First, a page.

New Aquatic 'Roly-Poly' Found in Los Angeles

The new species Exosphaeroma pentcheffi. Kelsey Vo Bailey

During a field trip to a seaside park less than a mile from the Port of Los Angeles, a class of college students and their professor found a bizarre-looking new species of aquatic pill bug, also known colloquially as a roly-poly.

The students, from Loyola Marymount University, found the creature clutching the arm of a sea star. "As soon as we saw this bumpy little guy, we knew it was something special," said their professor, Natural History Museum of Los Angeles scientist Dean Pentcheff, in a statement.

They took the specimen back to the museum, where other scientists helped identify it using a scanning electron microscope. Due to its small stature, roughly the size of a BB (the 4.5-millimeter round pellets shot from BB guns), they couldn't use a regular microscope for taking pictures of it, Pentcheff says.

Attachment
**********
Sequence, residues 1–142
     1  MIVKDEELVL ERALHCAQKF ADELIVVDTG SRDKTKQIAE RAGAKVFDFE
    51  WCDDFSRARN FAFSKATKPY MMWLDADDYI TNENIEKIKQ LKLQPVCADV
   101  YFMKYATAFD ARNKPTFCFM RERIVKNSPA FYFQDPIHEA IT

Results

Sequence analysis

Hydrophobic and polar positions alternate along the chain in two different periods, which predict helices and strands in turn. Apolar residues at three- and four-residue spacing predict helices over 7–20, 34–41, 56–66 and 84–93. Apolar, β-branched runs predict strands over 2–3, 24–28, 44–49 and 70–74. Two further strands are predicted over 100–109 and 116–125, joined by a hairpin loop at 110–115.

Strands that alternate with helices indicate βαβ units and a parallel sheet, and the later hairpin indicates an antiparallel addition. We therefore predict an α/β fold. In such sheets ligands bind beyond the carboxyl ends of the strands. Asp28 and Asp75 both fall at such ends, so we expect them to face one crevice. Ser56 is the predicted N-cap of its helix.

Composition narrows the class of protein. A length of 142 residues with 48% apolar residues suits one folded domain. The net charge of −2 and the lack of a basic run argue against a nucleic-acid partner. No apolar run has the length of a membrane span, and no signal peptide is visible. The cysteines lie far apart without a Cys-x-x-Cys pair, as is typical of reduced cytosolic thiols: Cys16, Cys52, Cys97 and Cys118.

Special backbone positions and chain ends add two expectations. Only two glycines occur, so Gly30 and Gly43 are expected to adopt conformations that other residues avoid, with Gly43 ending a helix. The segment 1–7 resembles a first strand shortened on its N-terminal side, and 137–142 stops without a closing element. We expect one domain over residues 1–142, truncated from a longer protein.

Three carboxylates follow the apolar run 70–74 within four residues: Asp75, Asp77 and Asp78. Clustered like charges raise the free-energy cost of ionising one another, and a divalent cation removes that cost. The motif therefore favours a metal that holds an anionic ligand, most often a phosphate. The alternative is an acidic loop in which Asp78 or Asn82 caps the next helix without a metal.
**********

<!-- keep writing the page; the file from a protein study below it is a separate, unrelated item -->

The species, named Exosphaeroma pentcheffi (after Pentcheff), is recognizable because of the raised, peg-like protrusion on its back, and its unique tail-like uropod, which it uses to swim.

"It is amazing to think that you can discover a new species in one of the most urban places in the world like the Port of Los Angeles," said museum scientist Adam Wall, the lead author of the study describing the species, published in the journal ZooKeys.

In the process of describing the new pill bug, the scientists looked through the museum's collections for something similar. They accidentally found that a separate specimen, collected in Alaska 142 years ago, had never been fully described and was in fact also, technically, a new species. They named it Exosphaeroma paydenae in honor of Joan Payden, a supporter of science at the museum.

Pill bugs are actually crustaceans, and the roly-polys that many are familiar with actually have gills. That is why they are always found in moist environments, such as in leaf litter, and why, if you put them in a terrarium without plenty of water, they will quickly suffocate.

A male and female of Exosphaeroma pentcheffi, the newfound Los Angeles marine pill bug species. Kelsey Vo Bailey